Consumers aren’t buying fast fashion’s forays into resale just yet

Brands like Shein and H&M are experimenting with sustainability, but generally remain plagued with environmental concerns.
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· 4 min read

It’s no secret that sustainability has been a core consumer concern over the past few years, one that’s prompting several retailers to reconsider their own role in the growing environmental crisis. Fast fashion, in particular, is notorious for pushing overconsumption models alongside high carbon emissions.

  • The UN Environment Programme estimates that fast fashion is the second-biggest consumer of water. It also accounts for 8%–10% of global carbon emissions, outpacing international air travel and maritime shipping together.

So what’s motivating fast-fashion retailers like Shein and H&M to get into the secondhand game? Well, let’s call it a combination of offsetting some of the damage the industry causes and keeping up with current consumer sentiment around sustainability.

“There’s definitely a lot of these brands [that] are seeking that sustainability halo that does come with resale,” Claire Tassin, retail and e-commerce analyst at Morning Consult, told Retail Brew. “It also helps these brands take a little bit of ownership about the way that their products are positioned.”

However, brands like Shein—which recently launched its peer-to-peer program, Shein Exchange—are being slammed for possible hypocrisy. Shein, in particular, remains plagued by allegations of labor abuses and the damage it does to the environment.

“Fast-fashion companies’ business model relies on the production of cheap apparel made from cheap fabrics, so any attempt to become eco-friendly without a commitment to reduce manufacturing and daily product drops, as well as without investing in paying a fair, living wage, will be obsolete,” Anand Kumar, fast-fashion analyst at Coresight Research, told Retail Brew.

And while that might be true, it also begs the question of whether the target consumers for these brands (Gen Z and millennials) actually care if resale programs signify a genuine effort on the brand’s part or if it’s simply greenwashing.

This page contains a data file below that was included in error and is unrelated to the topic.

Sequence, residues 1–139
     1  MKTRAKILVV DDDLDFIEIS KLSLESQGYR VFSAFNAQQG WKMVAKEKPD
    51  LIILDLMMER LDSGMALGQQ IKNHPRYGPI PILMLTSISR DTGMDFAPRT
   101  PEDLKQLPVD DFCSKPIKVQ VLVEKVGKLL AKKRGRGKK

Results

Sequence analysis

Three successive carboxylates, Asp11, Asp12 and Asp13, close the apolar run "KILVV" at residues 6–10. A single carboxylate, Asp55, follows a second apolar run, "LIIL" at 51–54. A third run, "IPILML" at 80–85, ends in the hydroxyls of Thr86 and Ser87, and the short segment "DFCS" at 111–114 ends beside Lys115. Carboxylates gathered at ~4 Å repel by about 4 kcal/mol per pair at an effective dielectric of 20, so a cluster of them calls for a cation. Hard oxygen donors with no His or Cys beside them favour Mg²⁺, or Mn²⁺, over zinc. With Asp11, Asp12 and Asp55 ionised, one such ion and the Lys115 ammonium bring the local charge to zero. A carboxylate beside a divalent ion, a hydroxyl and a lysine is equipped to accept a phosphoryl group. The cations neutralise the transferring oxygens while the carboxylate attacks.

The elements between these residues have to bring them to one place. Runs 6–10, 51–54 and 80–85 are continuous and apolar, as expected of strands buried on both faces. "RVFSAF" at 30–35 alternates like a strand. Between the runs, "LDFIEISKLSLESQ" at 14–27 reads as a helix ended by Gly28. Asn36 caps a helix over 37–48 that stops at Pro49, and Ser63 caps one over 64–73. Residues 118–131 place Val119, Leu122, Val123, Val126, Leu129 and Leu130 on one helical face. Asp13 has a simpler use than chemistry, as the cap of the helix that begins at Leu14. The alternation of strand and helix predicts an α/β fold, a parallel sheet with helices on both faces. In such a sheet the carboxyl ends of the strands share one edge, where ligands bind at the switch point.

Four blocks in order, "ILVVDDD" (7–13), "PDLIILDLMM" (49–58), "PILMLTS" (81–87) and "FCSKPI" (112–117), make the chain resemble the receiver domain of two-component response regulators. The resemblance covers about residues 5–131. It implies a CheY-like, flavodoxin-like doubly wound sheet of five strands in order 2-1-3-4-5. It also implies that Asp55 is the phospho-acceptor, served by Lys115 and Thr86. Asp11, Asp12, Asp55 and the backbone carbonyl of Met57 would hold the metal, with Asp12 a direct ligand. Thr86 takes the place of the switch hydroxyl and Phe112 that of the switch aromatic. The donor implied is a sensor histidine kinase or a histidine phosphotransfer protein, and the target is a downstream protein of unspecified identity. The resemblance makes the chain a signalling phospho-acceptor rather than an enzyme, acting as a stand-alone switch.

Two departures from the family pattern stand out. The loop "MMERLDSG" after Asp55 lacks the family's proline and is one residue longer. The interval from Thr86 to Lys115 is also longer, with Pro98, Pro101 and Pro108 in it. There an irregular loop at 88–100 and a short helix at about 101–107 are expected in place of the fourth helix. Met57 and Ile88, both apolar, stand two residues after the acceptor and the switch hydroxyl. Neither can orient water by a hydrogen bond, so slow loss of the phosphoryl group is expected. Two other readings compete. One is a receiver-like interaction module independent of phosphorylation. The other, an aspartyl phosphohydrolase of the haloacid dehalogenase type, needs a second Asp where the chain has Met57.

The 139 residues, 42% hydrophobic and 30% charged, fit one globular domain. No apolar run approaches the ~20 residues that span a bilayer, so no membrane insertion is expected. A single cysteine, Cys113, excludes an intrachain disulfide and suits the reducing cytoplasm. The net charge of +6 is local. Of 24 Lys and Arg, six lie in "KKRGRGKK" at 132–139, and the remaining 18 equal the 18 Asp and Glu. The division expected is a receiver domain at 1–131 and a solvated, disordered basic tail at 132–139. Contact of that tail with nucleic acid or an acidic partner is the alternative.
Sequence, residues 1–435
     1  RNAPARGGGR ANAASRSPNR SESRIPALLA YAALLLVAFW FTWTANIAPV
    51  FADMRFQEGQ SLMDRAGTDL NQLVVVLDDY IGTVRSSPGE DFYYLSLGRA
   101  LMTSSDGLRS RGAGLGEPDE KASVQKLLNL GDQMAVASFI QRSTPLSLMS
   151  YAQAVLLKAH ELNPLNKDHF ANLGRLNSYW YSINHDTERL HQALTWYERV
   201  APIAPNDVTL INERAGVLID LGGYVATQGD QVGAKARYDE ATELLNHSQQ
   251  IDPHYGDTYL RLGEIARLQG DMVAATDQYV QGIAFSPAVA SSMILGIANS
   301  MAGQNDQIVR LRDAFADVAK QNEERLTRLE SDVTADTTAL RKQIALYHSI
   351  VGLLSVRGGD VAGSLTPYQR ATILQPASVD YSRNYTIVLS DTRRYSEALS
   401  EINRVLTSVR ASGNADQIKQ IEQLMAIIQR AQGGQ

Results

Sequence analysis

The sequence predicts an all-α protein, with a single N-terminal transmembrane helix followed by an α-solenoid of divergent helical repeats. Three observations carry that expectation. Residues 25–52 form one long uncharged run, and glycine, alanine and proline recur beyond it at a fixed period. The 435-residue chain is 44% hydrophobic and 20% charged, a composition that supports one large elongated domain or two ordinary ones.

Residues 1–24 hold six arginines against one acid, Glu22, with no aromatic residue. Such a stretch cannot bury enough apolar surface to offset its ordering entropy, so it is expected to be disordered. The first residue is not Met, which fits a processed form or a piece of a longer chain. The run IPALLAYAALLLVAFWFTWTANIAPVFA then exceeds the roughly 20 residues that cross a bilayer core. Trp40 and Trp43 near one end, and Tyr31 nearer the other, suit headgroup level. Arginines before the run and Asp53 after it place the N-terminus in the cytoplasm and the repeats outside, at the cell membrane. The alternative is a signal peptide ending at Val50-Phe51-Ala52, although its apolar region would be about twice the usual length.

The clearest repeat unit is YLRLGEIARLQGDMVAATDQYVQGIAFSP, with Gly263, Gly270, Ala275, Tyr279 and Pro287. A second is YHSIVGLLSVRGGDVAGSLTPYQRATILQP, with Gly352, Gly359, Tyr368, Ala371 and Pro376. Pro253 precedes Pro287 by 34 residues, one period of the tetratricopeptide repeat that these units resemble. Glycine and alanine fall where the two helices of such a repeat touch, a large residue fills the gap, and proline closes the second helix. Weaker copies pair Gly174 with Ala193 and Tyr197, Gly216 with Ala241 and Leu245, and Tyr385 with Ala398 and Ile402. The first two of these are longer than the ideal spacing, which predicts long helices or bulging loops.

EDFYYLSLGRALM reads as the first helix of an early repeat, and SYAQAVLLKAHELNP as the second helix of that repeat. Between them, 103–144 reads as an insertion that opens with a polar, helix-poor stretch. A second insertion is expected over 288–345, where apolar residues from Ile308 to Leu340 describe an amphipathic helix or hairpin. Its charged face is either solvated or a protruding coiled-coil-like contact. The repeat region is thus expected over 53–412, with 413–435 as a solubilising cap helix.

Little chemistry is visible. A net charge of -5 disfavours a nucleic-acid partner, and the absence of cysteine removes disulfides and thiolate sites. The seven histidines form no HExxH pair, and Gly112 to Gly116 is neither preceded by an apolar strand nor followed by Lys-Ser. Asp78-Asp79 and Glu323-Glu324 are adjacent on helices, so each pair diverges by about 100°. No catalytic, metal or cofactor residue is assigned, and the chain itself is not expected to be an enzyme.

Cheap thrills:
Tassin believes that while Gen Z is an extremely “sustainability-cognizant generation,” their age, combined with lower income, means that their primary motivation in shopping fast fashion is saving money.“If you can get products on those brands even cheaper than you can in the primary market, that’s a huge incentive for especially younger shoppers…who are not earning a lot of money to be able to access more of those products at lower prices,” Tassin said.

She further noted that 68% of Gen Z shoppers surveyed by Morning Consult said that saving money is a major reason they shop resale, compared to the 26% who said sustainability was a major reason.

This, however, does not mean fast-fashion retailers are wrong to experiment with resale models, since they can still be a big draw for consumers who are increasingly shopping vintage or secondhand anyway.

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“The majority [of people] probably don’t realize they don’t care,” Michael Olaye, VP and managing director of client services at innovation consultancy R/GA, told Retail Brew. “It’s based on price, but I think it’s the responsibility of the brands outside of what the customers care about, or don’t care, to really operate at an ethical level.” He added the growing secondhand market additionally offers an opportunity for brands “to really try and implement” their promises around sustainability.

And if that’s not enough of a motivator, brand-owned resale platforms also help solve the problem of authenticity, Tassin said. While retailers like H&M, Zara, and Primark can be found at many thrift stores, customers still want to know they’re buying the real stuff.

Winning streak: Ultimately, fast-fashion secondhand is bound to grow, with new players entering the industry over the next few months. Bottom line: The competition is high. “I feel like with the platforms, we’re getting into streaming-wars territory, where we’re gonna have a ton of new providers come in, and then eventually, people are going to filter down to the ones that they love,” Tassin said.

While only time will tell which retailers can stay ahead, experts believe it’ll all depend on maintaining a sense of authenticity and not “papering over the cracks,” as Olaye puts it.

“Overall, fast-fashion companies can recognize resale as a profitable opportunity if they can prioritize quality and longevity, and reduce production,” Kumar said.

“Without these meaningful initiatives, fast-fashion entry into resale will be, in several ways, simply a cash grab.”—JS

Retail news that keeps industry pros in the know

Retail Brew delivers the latest retail industry news and insights surrounding marketing, DTC, and e-commerce to keep leaders and decision-makers up to date.